Just when I thought I had a good handle on my beekeeping venture, which I only started this past spring, I found my hives completely infested with Small Hive Beetles. These creepy little pests didn’t exactly come out of nowhere. I had noticed some during one of my weekly/biweekly hive inspections this summer, and knew I had to do something about them. But, looking back, I think I noticed them right before we were taking a trip to the Outer Banks. Then, I didn’t order my beetle traps until we came home four days later. The traps took another week to arrive. Apparently, that is plenty of time for a handful of small hive beetles to conduct quite an orgy, multiply, and destroy the entire hive of a bee colony. I’m sure those of you who are expert beekeepers are wagging your fingers at me and shaking your heads. I know.
Looking for help, I called my mentor, an apiarist with the University of Maryland Agricultural Extension, and asked for his guidance. I also called one of my neighbors, a tall, statuesque blond, who has two more years’ worth of experience than I. Lucky for me, they both agreed to come right away. As Mike the Mentor pulled frame after frame out of my hive boxes and knocked off all the beetles, as well as the surviving bees, my neighbor and I steadily smashed, by hand, as many beetles as we could. Picture the game Whack-a-Mole, but with two ladies crouched over a hive lid beating tiny beetles with metal tools. It was gruesome and barbaric. The worst part was accidentally smashing bees when the beetles hid beneath them just as our instruments of death were coming down. Mike assured me those lost bees were a necessary casualty in order to get the beetle population under control and to save one of my two colonies. It really didn’t make me feel any better.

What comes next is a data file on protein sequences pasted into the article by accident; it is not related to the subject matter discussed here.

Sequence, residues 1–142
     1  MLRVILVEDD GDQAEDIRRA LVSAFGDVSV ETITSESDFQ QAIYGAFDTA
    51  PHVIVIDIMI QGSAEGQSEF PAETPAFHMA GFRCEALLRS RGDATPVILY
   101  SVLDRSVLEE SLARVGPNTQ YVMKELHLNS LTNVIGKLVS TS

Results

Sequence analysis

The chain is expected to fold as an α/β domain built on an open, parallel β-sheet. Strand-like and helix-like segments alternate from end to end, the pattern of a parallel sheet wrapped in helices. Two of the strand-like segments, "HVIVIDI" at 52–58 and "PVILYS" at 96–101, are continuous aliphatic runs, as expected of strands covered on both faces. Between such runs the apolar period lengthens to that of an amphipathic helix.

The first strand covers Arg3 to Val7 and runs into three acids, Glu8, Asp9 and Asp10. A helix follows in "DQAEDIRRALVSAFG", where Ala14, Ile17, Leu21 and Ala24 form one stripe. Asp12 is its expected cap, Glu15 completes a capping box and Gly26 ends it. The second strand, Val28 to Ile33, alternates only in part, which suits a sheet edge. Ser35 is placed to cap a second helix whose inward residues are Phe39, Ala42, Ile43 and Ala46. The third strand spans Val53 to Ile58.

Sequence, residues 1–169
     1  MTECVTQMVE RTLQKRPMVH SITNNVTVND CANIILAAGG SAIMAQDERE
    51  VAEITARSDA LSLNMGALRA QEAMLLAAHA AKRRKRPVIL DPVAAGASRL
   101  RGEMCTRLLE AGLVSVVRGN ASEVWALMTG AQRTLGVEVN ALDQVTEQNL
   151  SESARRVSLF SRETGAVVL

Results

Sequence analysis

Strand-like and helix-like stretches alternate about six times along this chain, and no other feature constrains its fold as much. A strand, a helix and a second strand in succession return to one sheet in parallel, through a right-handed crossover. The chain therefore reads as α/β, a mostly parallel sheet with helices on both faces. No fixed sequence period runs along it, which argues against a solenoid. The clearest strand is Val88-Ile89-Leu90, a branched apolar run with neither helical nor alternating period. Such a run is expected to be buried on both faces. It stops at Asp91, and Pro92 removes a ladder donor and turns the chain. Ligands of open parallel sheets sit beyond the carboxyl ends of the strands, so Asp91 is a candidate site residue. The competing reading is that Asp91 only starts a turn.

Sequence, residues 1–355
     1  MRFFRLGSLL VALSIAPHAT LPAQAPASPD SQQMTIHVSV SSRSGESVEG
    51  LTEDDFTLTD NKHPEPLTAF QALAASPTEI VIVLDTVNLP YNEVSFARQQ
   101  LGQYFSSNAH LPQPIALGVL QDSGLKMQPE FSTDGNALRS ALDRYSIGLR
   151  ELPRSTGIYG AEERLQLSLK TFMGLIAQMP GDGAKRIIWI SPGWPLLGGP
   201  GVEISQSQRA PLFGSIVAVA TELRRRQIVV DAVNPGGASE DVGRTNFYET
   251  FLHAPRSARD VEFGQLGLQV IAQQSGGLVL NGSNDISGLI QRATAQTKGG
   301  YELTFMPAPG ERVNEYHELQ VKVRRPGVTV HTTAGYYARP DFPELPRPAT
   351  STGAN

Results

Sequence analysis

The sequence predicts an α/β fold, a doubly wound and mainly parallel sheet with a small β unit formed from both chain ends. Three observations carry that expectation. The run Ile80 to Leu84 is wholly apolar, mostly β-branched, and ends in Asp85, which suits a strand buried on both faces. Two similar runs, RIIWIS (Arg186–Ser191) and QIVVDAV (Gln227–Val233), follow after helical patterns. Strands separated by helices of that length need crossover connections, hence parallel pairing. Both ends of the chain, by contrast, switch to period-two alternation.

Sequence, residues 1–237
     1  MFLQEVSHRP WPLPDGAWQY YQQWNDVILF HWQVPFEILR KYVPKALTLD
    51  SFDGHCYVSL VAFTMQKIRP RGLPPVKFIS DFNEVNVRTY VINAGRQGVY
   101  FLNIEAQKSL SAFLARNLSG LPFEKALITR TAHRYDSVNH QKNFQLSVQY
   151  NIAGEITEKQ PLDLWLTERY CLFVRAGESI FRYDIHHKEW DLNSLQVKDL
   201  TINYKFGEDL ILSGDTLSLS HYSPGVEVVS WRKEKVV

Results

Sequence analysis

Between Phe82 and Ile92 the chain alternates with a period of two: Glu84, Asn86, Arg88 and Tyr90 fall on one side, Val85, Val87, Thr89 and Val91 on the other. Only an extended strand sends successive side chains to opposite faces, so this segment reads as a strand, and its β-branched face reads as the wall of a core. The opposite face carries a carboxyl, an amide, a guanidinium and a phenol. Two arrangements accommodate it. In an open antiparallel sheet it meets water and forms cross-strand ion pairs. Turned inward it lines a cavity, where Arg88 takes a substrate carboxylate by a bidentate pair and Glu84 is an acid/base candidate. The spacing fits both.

After about 30 minutes of continuous smashing and crunching, I stood, sweaty and woozy, to help reassemble the one hive that still had a chance for survival. There was still a queen present, brood, eggs, and capped honey, all of which equaled hope. I regretted the destruction I had allowed to happen due to my neglect, the loss of bees due to the violent measures we had to take that day, and the amount of honey I had to give up in order to provide more food for the surviving bees. However, there was an upside to the whole debacle.
Since I now needed to provide frames of capped honey for only one colony, the frames that were remaining from the disassembled hive were mine for extracting. There wasn’t much, but out of six frames that were only partially filled, I got about three pints of my own, delicious, fresh-from-the-hive honey…a sweet reward despite a stupid mistake! That simple gratification is the driving force for me to continue, with extra diligence, to care for my remaining bees and look forward to purchasing a new colony next spring. That, and the idea that our mistakes don’t always lead to total devastation. Sometimes there is something sweet to be gained from making mistakes.